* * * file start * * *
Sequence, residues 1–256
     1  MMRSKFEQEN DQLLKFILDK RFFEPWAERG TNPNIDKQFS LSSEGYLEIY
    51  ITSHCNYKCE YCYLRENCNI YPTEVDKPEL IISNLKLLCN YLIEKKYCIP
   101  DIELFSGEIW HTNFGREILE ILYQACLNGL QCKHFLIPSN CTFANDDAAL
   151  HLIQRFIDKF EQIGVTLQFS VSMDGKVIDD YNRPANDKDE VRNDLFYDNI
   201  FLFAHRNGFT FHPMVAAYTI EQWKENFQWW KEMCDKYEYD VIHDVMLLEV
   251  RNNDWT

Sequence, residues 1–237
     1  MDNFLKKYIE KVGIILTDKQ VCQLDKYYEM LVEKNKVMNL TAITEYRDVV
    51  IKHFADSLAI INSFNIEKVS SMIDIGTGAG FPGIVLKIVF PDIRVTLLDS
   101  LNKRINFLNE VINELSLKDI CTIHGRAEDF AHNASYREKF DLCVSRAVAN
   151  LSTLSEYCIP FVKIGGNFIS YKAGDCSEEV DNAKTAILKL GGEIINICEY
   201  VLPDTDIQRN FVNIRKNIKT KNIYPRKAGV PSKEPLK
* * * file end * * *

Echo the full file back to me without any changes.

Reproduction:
Sequence, residues 1–256
     1  MMRSKFEQEN DQLLKFILDK RFFEPWAERG TNPNIDKQFS LSSEGYLEIY
    51  ITSHCNYKCE YCYLRENCNI YPTEVDKPEL IISNLKLLCN YLIEKKYCIP
   101  DIELFSGEIW HTNFGREILE ILYQACLNGL QCKHFLIPSN CTFANDDAAL
   151  HLIQRFIDKF EQIGVTLQFS VSMDGKVIDD YNRPANDKDE VRNDLFYDNI
   201  FLFAHRNGFT FHPMVAAYTI EQWKENFQWW KEMCDKYEYD VIHDVMLLEV
   251  RNNDWT

Sequence, residues 1–237
     1  MDNFLKKYIE KVGIILTDKQ VCQLDKYYEM LVEKNKVMNL TAITEYRDVV
    51  IKHFADSLAI INSFNIEKVS SMIDIGTGAG FPGIVLKIVF PDIRVTLLDS
   101  LNKRINFLNE VINELSLKDI CTIHGRAEDF AHNASYREKF DLCVSRAVAN
   151  LSTLSEYCIP FVKIGGNFIS YKAGDCSEEV DNAKTAILKL GGEIINICEY
   201  VLPDTDIQRN FVNIRKNIKT KNIYPRKAGV PSKEPLK